Story by Chris Graham
David Cox had thought that he would be running for what would essentially be an open seat in the 24th Senate District.
Things didn’t work out the way Cox and many in the punditry had thought – but the Democratic Party nominee still sees an opening.
“Although they’re making nice on one level, this is a very divisive battle that they’ve waged – it was a civil war, and civil wars are often the bloodiest of all,” said Cox of last week’s Republican Party primary in the 24th, which saw moderate-conservative incumbent Emmett Hanger emerge victorious over conservative challenger Scott Sayre by a relatively narrow 865-vote margin.
“This poses an unpredecented opportunity for Democrats to continue to advance in Virginia – as we have been doing over the past several elections,” said Cox, who was selected as the Democratic nominee at a party mass meeting last month, in an interview for this week’s “New Dominion” Internet talk show.
It had looked at that point that the race was Sayre’s to lose – and if Sayre had won, it would have seemed that Cox would have had something of a shot in November, given the stark contrast that he would have offered voters to the Sayre campaign. The differences between Cox and Hanger are much more nuanced – particularly on the tax and spending issues that Sayre made the centerpiece of his campaign.
“The commonsense conservative position is one that holds all options open – so that one can respond as appropriate considering what the needs and concerns are,” Cox said. “Nobody likes to raise taxes – I certainly don’t advocate that. On the other hand, it’s simply foolish to tie hands philosophically or ideologically – so that if circumstances are such that when that is the prudent thing to do, then that’s what we need to be able to do.”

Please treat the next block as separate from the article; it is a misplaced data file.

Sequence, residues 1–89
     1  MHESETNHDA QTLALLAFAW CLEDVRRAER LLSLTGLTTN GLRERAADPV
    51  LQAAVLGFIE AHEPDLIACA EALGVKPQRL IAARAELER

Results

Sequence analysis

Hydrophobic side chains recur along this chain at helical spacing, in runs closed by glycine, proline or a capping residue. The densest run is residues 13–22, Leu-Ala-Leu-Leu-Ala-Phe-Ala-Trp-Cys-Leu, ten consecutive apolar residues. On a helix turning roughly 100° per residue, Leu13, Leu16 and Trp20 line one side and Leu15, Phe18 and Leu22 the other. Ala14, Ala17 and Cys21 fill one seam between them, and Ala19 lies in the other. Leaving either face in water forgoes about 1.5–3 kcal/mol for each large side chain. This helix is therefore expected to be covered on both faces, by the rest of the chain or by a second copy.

Cox agrees with Hanger that there is a “need to continue with tax reform,” a political effort that Hanger spearheaded in 2004 with the bipartisan support of several legislators and former governor Mark Warner.
“I looked upon the 2004 package as one that truly did benefit a lot – I would say most of us people, particularly those of us who needed it most,” Cox said. “The burden was shifted away from sales taxes on food, for example – that was eliminated on the state level. And although there were other increases, in the end most of our people ended up faring better, in my opinion – particularly in this area, and again particularly those who most needed it.”
One area where Cox and Hanger differ is on improvements to Interstate 81. While both agree with the recent moves of the Commonwealth Transportation Board to go with a scaled-back improvement plan, the two disagree on the specifics of that plan, including the possible use of tolls to provide financing that Hanger has said should be on the table.
“I continue to hold a lot of reservations about what is being proposed,” Cox said. “I do believe that the ultimate best interests of Virginia would be served in some version of the rail solution – and I’m so glad that Norfolk Southern is showing interest in that. That would get trucks off of 81 that are going from one end of the state to the other and on to railroad tracks – and that will really help, I think, environmentally and in terms of traffic and every other way.
“I’m very concerned about tolls as well – and the kind of pressure that they will put, not only economically, but also by diverting traffic off of 81 onto Route 11 and Route 29 and some of the backroads that simply weren’t built to handle that kind of traffic,” Cox said.